In a similar vein, Colin Weyers of Baseball Prospectus raised some questions about the validity of batted-ball data (trajectory data and location) data. There are two companies that currently compile this information: MLBAM, which uses stringers (or observers) at every game, and Baseball Information Solutions (BIS), which uses a video system.  According to Weyers, the method of data collection has had a meaningful impact on the eventual conclusions.


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For almost 40 years, Gene Monahan has been treating the wounds of Yankees players. As Yankee trainer since 1972, and an organizational employee since 1963, Monahan has truly been an enduring link. From Mantle to Murcer to Mattingly to Mariano, Geno has been on hand for all the highs and lows.

Now, however, comes word that Monahan is in a serious battle with his own health. Since it was announced that he would miss his first spring training in 48 years, very little had been said about Monahan’s illness. Seeing tears in Monahan’s eyes as he received his 2009 World Series ring, and then watching those same tears well up in the eyes of Joe Girardi has he discussed the moment, confirmed the seriousness of what we had all feared.

For nearly 40 years, Gene Monahan has looked after the Yankees as head athletic trainer.

Gene Monahan has throat and neck cancer. He has been undergoing treatment since January, when he had surgery to remove his tonsils. In total, he has received 30 radiation treatments, including his latest just before the ring ceremony. According to Monahan, the prognosis is good, but the healing process will still take some time. The Yankees are hoping to have Geno back full-time at some point over the summer, but for now he has been helping out Steve Donahue, Monahan’s assistant since 1986, by consulting on injuries and doing prep work at Yankee Stadium.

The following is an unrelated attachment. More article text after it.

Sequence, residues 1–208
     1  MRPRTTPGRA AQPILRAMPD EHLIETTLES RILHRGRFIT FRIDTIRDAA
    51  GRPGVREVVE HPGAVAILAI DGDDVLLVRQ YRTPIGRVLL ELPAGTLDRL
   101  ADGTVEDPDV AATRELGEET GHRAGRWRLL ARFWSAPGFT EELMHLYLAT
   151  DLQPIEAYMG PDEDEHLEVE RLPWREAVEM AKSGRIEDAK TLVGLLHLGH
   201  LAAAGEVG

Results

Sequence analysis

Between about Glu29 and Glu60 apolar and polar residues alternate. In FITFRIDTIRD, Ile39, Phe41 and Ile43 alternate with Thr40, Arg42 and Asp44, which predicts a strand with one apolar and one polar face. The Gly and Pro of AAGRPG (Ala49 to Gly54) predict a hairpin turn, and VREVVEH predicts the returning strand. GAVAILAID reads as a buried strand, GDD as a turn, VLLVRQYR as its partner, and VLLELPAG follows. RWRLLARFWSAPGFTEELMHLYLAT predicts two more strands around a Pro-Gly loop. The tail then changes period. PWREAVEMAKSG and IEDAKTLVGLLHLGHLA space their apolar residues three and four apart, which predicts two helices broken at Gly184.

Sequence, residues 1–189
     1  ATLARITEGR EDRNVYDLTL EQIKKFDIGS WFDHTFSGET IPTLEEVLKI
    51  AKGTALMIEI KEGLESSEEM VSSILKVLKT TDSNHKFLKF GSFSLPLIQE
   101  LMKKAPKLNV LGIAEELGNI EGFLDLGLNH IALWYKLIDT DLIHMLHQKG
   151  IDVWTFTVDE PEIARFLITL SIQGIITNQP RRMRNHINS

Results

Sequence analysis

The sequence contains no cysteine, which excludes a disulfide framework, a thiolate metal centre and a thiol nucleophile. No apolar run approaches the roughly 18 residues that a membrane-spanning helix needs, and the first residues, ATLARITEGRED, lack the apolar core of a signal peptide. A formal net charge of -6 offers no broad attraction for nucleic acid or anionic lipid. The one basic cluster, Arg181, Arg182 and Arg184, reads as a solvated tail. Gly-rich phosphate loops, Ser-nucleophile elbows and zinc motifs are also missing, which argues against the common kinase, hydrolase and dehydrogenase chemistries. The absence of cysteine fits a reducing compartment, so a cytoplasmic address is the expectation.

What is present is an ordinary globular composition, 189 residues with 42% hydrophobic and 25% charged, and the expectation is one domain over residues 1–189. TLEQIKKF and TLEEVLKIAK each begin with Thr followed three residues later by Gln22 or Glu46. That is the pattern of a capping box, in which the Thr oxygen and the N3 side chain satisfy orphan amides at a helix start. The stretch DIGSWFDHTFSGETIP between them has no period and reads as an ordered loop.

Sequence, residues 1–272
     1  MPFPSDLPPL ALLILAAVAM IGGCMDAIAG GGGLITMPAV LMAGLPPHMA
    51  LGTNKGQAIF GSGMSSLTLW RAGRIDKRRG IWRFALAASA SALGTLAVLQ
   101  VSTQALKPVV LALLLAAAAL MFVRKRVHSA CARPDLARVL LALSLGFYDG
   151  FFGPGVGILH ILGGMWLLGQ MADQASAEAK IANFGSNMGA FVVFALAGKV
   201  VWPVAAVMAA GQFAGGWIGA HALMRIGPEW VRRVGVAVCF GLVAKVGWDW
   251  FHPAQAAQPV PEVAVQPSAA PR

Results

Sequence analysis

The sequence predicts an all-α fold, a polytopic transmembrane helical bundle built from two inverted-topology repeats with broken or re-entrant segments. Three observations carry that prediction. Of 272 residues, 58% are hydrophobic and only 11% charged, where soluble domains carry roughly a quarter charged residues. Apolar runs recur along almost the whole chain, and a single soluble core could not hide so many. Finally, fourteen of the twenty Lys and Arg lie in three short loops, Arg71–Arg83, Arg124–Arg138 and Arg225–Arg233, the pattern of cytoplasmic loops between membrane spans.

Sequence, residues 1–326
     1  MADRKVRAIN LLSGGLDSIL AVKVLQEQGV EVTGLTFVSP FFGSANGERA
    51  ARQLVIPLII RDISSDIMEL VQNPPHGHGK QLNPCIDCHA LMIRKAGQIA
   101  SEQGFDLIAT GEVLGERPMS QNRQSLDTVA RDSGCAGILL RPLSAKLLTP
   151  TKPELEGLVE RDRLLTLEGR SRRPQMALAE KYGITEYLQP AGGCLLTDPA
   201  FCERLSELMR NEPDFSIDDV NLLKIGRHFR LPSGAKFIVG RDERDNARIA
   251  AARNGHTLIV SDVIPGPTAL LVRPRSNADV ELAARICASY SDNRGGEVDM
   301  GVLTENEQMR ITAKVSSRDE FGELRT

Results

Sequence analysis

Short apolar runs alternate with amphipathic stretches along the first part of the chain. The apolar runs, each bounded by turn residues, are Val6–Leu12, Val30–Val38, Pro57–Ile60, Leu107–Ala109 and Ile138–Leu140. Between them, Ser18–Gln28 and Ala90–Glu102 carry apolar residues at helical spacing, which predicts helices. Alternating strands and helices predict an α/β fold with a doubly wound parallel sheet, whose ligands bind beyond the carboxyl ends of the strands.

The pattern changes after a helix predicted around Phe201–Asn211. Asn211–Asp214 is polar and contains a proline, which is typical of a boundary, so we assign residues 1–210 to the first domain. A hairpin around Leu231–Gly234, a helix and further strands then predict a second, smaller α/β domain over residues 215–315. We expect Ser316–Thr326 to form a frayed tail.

Seeing Gene Monahan trot out for his ring was the most emotional part of Opening Day, just as poignant as the sight of George Steinbrenner sitting in a luxury box with his wife Joan at his side. I’ve always thought (and hoped) that Monahan would write a book. He has seen so much of Yankee history firsthand that his accounts would probably make for incredible reading. Chris Chamblis’ HR in 1976, Monahan was there. Reggie’s three bolts in 1977…Monahan was there. The Munson tribute…Geno was on the bench. Rag’s no-hitter, every version of Billy Ball, Donnie’s prime, Jeter’s rookie season, the four championships under Torre and Girardi’s #27 have all been witnessed by Monahan. Monahan even serves as a link to all three versions of Yankee Stadium. Think about it…every book about the Yankees since the 1970s, from The Bronx Zoo to The Yankee Years, has featured at least one interesting vignette about Monahan. Imagine putting them all together?

The Yankees are a team of legends…its players, its owner and, yes, even its trainer. Hopefully, that legend has a lot more room to grow.

Under the Care of Geno…

  • World Championships: 7
  • AL Pennants: 11
  • Managers: 16
  • Yankees Record: 3313-2553